12 October 2018

Ethiopia: Meet Betelhem Dessie, Ethiopia's Leading Tech Queen

Photo: Twitter/Betelhem_dessie
Betelhem Dessie is a 19 years old Ethiopian that is at the forefront of tech in Ethiopia. She runs five projects and works at Ethiopia’s first Artificial Intelligence Lab, iCog Lab.

In Ethiopia,19 year-old Betelhem Dessie has quickly risen from a young pioneer to a leading figure in the tech community. She handles five projects and has seven patents to her name.

In Addis Ababa, Ethiopia, Artificial Intelligence and Bioinformatics research is part of the services rendered by iCog Labs. In July this year, Ethiopia was one of the few countries to host Sophia, "one of the world's most advanced and perhaps most famous artificial intelligence (AI) humanoid robot." Sophia was at the Information and Communication Technology International Expo in Addis Ababa. Parts of Sophia were assembled in Ethiopia.

Within Ethiopia's expanding tech industry, 19-year-old Betelhem Dessie has quickly risen and the young pioneer's star keeps shining bright. Dessie is a project manager at iCog and is "interested in solving people's problems by using simple yet effective tools." Dessie started coding when she was ten years old. She said, "I learned informally because I wasn't able to get classes in coding where I was raised in Harar."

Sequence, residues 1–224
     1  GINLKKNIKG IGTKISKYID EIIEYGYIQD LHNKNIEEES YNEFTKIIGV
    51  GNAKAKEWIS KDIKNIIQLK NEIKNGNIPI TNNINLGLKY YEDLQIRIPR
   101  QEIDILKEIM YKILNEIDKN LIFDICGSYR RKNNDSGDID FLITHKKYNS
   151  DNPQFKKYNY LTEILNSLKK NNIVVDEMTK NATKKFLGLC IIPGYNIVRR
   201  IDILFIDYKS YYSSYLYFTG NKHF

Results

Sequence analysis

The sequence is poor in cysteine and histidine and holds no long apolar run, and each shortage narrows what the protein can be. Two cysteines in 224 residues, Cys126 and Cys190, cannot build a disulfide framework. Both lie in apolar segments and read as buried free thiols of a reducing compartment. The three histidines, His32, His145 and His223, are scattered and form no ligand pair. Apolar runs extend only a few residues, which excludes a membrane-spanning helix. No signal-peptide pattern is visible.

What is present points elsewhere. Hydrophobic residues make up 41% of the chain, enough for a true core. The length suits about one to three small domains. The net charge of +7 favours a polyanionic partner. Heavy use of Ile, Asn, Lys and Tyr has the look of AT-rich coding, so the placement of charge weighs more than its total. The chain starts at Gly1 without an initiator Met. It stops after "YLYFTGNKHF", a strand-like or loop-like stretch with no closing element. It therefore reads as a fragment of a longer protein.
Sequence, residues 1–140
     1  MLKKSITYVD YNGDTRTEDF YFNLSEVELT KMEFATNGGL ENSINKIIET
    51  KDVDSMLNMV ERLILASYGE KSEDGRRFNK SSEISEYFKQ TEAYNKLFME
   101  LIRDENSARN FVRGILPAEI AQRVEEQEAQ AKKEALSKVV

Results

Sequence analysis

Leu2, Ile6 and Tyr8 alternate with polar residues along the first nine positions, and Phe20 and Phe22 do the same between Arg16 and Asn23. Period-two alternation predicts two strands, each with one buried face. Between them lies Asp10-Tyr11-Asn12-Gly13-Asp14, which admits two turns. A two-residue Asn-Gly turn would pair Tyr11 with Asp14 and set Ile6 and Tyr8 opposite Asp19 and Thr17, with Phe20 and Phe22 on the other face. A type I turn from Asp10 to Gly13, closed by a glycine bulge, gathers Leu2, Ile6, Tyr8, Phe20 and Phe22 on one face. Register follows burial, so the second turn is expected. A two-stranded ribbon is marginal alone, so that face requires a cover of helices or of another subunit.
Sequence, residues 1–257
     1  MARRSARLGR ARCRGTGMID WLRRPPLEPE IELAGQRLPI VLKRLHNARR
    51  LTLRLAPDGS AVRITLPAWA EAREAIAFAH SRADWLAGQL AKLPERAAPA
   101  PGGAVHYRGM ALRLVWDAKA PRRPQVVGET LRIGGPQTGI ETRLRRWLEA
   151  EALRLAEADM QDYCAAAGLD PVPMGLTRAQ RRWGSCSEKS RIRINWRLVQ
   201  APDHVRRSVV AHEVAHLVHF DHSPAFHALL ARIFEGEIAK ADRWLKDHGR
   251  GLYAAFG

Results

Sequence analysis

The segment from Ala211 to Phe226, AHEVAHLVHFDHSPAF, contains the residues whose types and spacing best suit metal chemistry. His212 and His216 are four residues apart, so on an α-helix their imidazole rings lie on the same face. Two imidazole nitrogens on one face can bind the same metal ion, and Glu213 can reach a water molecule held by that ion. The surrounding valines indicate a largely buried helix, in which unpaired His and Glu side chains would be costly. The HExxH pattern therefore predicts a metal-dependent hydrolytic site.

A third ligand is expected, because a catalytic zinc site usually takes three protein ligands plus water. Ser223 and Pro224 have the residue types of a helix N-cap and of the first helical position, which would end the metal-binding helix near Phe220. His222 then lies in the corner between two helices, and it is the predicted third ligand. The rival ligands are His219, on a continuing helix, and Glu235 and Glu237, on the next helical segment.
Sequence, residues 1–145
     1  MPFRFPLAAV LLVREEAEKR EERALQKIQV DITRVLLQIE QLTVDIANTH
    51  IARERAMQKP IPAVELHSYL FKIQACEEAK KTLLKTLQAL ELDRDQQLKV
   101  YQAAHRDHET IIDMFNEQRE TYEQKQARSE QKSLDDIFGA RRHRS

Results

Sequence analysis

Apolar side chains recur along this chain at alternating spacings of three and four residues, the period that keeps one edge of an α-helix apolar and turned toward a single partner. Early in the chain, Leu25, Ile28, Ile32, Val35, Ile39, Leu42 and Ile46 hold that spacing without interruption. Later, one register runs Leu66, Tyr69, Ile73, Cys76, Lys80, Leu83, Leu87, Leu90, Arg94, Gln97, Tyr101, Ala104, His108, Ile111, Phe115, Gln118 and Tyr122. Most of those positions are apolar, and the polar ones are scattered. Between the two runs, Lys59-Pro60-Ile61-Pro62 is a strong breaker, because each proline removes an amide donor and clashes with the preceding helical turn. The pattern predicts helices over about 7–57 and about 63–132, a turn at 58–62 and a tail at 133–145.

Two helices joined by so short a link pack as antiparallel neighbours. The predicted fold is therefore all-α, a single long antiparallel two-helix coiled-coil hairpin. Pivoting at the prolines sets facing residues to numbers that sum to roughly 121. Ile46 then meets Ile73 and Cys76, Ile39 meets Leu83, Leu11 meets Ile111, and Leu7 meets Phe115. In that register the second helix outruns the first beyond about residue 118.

Read: Namibia to open first robotics school in June for 6 to 13 year olds

Sophia speaking at the AI for GOOD Global Summit, International Telecommunication Union, Geneva in June 2017. Photo: Wiki commons

In Harar, her father's computer served as part of her training ground for who she is today. She got into video editing, computer maintenance and installing software for mobile phones. Gradually she updated her computer skills and knowledge. Part of Dessie's mission is to implement projects that play a key role in the development of the community. She focused on the training aspect of coding in order to get more Ethiopian women engaged in such activities. Her foray in tech led her to work on a project with the US embassy called Girls Can Code. Forty girls were trained and created their own projects that could help their communities.

At her young age, Dessie is running five projects and has obtained seven patents; four of the patents are privately owned by her, while the remaining three are in collaboration with other organisations. One of Dessie's project, Anyone Can Code (ACC) is in collaboration with iCog Labs. It aims to teach high school students about robotics and coding.

iCog Labs has its mission to advance science and technology for the good of all humanity, with a focus on advanced AI and on the use of cutting-edge technology to help leapfrog Africa into the future.


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